A Look Back at the F-35Bs deployed to the Middle East on the 243rd Birthday of the USMC.
Today is the 243rd Anniversary of the United States Marine Corps. The Marines were born on November 10, 1775 as an elite maritime-capable combat force by the Second Continental Congress with the decree:
“That two battalions of Marines be raised consisting of one Colonel, two lieutenant-colonels, two majors and other officers, as usual in other regiments; that they consist of an equal number of privates as with other battalions, that particular care be taken that no persons be appointed to offices, or enlisted into said battalions, but such as are good seamen, or so acquainted with maritime affairs as to be able to serve for and during the present war with Great Britain and the Colonies; unless dismissed by Congress; that they be distinguished by the names of the First and Second Battalions of Marines.”
In observance of this anniversary it’s worth watching this video of USMC F-35B Lightning IIs refueling from a U.S. Air Force KC-135 somewhere over the Middle East during the first U.S. combat deployment of the F-35 Joint Strike Fighter. We have already published shots taken during that very same sortie, highlighting the presence of the gun pod under the fuselage.
The video of the USMC F-35Bs was shot by USAF Staff Sgt. Rion Ehrman of the U.S. Air Forces Central Command Public Affairs on September 15, 2018.
Shooting video from a KC-135 Stratotanker of the 28th Expeditionary Air Refueling Squadron from Al Udeid Air Base, Qatar, the USMC F-35Bs of Marine Fighter Attack Squadron 211, 13th Marine Expeditionary Unit take on fuel somewhere over the Middle East using the drogue system on the KC-135 boom.
Because of the position of the lift-fan on the F-35B Lightning II STOVL (Short Take Off Vertical Landing) variant the aircraft does not have the refueling receptacle on top of the fuselage as with the F-35A, so the Marines use the hose and drogue method. You can see in the video that sometimes it gets tricky staying on the drogue as an F-35B bobs up and down taking on fuel. Another F-35B is seen on the drogue with a significant amount of fuel vapor streaming into the air just above the right intake.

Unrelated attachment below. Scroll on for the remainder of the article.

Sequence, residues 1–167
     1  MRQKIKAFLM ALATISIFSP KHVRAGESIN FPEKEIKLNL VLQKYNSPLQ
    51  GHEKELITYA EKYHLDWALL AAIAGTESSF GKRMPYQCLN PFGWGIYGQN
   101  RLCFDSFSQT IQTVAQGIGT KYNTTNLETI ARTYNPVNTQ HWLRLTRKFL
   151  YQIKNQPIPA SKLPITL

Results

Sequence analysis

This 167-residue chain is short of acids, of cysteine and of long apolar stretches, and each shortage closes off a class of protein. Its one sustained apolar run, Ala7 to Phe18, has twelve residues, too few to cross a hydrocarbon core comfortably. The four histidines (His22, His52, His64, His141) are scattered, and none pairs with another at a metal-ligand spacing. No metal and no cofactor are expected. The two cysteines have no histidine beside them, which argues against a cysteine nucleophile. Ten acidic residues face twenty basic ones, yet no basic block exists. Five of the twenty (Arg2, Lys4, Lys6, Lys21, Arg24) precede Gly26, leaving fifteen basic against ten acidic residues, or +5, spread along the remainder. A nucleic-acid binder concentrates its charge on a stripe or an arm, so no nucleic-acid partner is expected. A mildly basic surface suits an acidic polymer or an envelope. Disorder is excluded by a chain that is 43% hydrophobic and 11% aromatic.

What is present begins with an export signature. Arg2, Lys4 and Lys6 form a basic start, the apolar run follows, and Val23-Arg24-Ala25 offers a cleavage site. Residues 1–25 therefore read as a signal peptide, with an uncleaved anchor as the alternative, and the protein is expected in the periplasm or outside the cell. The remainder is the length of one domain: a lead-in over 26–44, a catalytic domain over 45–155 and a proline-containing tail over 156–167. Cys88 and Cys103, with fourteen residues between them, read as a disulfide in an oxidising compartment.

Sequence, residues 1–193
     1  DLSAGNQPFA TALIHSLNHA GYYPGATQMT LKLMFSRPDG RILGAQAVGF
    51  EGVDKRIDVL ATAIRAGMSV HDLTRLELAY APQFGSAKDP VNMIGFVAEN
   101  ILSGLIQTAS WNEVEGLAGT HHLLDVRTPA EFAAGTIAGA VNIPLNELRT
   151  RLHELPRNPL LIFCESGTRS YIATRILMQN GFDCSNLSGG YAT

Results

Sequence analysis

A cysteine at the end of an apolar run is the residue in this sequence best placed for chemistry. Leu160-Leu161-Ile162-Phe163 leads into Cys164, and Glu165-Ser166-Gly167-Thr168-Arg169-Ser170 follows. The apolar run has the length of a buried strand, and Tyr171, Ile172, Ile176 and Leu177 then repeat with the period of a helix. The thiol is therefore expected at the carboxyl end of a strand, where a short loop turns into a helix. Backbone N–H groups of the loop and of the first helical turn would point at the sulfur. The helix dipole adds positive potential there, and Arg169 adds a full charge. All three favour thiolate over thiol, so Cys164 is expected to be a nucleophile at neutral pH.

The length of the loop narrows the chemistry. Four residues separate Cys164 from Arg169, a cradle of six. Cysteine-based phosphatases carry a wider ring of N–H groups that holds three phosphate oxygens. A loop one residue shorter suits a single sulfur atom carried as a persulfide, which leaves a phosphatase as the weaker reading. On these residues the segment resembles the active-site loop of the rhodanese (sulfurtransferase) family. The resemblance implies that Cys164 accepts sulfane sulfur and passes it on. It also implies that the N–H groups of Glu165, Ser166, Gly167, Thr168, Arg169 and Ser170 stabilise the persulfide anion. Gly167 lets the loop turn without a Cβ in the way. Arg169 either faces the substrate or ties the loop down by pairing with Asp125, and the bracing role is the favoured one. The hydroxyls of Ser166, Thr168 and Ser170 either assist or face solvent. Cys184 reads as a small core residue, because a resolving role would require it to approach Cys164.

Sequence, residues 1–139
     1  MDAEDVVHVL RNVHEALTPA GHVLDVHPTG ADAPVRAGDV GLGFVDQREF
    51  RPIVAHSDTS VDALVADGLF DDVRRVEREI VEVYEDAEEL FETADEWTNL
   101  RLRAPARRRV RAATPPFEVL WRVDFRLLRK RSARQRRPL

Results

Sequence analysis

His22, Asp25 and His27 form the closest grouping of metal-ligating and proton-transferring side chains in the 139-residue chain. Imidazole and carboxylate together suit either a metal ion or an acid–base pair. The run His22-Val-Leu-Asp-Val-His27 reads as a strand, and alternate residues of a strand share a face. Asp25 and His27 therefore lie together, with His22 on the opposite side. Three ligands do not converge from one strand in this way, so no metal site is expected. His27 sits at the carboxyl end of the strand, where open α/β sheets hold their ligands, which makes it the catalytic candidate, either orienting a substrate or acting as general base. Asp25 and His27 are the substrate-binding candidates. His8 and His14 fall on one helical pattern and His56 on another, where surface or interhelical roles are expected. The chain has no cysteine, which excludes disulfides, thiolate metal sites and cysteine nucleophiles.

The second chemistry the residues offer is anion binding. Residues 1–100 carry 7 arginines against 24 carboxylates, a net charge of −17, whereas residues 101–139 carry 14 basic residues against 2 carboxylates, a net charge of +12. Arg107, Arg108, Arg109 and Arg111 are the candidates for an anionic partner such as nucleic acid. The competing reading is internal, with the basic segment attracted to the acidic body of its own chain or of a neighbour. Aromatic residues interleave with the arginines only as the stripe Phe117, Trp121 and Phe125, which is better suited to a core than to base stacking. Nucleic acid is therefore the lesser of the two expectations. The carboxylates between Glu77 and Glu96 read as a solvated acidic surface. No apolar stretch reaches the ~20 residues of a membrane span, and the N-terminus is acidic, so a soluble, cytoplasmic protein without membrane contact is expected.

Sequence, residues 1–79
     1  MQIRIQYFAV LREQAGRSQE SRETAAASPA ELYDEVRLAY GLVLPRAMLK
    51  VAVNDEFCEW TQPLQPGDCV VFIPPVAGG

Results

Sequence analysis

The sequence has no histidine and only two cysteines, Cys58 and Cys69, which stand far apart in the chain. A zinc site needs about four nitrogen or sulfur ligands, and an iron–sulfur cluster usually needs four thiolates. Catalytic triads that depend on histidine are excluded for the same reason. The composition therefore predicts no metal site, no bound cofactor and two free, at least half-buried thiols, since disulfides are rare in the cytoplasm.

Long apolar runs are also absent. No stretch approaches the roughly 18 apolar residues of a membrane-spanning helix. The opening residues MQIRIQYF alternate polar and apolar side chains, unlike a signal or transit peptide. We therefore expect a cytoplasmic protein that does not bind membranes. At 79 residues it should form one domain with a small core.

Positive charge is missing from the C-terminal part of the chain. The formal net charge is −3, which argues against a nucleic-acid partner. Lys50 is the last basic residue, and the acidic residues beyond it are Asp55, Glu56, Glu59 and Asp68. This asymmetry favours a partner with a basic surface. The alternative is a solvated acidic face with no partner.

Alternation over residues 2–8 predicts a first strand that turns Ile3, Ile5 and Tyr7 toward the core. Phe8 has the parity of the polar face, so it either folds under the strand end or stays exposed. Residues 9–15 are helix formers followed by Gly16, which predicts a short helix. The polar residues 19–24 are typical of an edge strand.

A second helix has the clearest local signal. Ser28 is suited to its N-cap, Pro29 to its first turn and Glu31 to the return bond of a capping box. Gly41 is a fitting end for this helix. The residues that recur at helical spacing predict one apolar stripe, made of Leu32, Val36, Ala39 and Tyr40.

The USMC deployment was the first time the U.S. deployed F-35Bs to the Middle East as part of Essex Amphibious Ready Group or ARG. The 13th Marine Expeditionary Unit (MEU) is also the first combat-deployed MEU to operate the F-35B Lighting II. This is also the first-ever combat deployment of a supersonic STOVL aircraft in aviation history since the Israelis, who debuted the F-35A in combat in the Middle East, fly a conventional take-off and landing variant of the F-35 Joint Strike Fighter.
On Sept. 27, 2018 U.S. Marine Fighter Attack Squadron 211, F-35B Lighting II Joint Strike Fighters hit insurgent targets in Afghanistan’s Kandahar Province. The mission, flown by an undisclosed number of aircraft from USS Essex but, interestingly, at least two aircraft, modex CF-00 and CF-01, made a stopover in Kandahar Air Field after the air strike before returning to the aircraft carrier.
The aircraft carried the external gun pod along with the two upper Luneburg lenses/radar reflectors.
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I have made an interesting and geeky discovery today analyzing the shots of the USMC F-35B deployed for the first time near the Horn of Africa (article at TheAviationist.com). Therefore, during normal peacetime activities, the F-35B uses radar reflectors (unless it has to remain stealthy – during the first days of a war): 3 reflectors (2 in the upper rear fuselage, 1 centerline in the lower rear fuselage – the one underneath the fuselage can be seen in the bottom image) as opposed to the F-35A (middle photo) that wears 4 ones (2 upper side and 2 lower side). However, when it carries the external GAU-22 gun pod, the F-35B carries only 2 upper side radar reflectors (you can only see one of these in the top image): most probably the external pod degrades the RCS so much no additional reflector is needed. #theaviationist #f35 #f35b #stealth #radarreflector
On Sept. 28, a U.S. Marine F-35B Lightning II Joint Strike Fighter crashed near Beaufort Marine Corps Air Station, South Carolina on the U.S. East Coast. The pilot ejected from the aircraft. The incident led to a temporary stand down of the worldwide fleet, on Oct. 12, 2018 for safety inspections of their fuel flow systems.